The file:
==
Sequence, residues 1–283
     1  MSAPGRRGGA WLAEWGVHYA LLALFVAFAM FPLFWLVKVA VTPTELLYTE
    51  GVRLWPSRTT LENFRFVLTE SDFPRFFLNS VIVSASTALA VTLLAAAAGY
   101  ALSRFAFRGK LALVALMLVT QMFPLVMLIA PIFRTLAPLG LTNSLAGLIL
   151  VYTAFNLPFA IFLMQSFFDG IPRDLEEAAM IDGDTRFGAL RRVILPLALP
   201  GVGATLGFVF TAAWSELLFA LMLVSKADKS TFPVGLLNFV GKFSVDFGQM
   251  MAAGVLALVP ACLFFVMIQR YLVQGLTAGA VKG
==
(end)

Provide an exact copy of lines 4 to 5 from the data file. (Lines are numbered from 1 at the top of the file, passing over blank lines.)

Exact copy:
   101  ALSRFAFRGK LALVALMLVT QMFPLVMLIA PIFRTLAPLG LTNSLAGLIL
   151  VYTAFNLPFA IFLMQSFFDG IPRDLEEAAM IDGDTRFGAL RRVILPLALP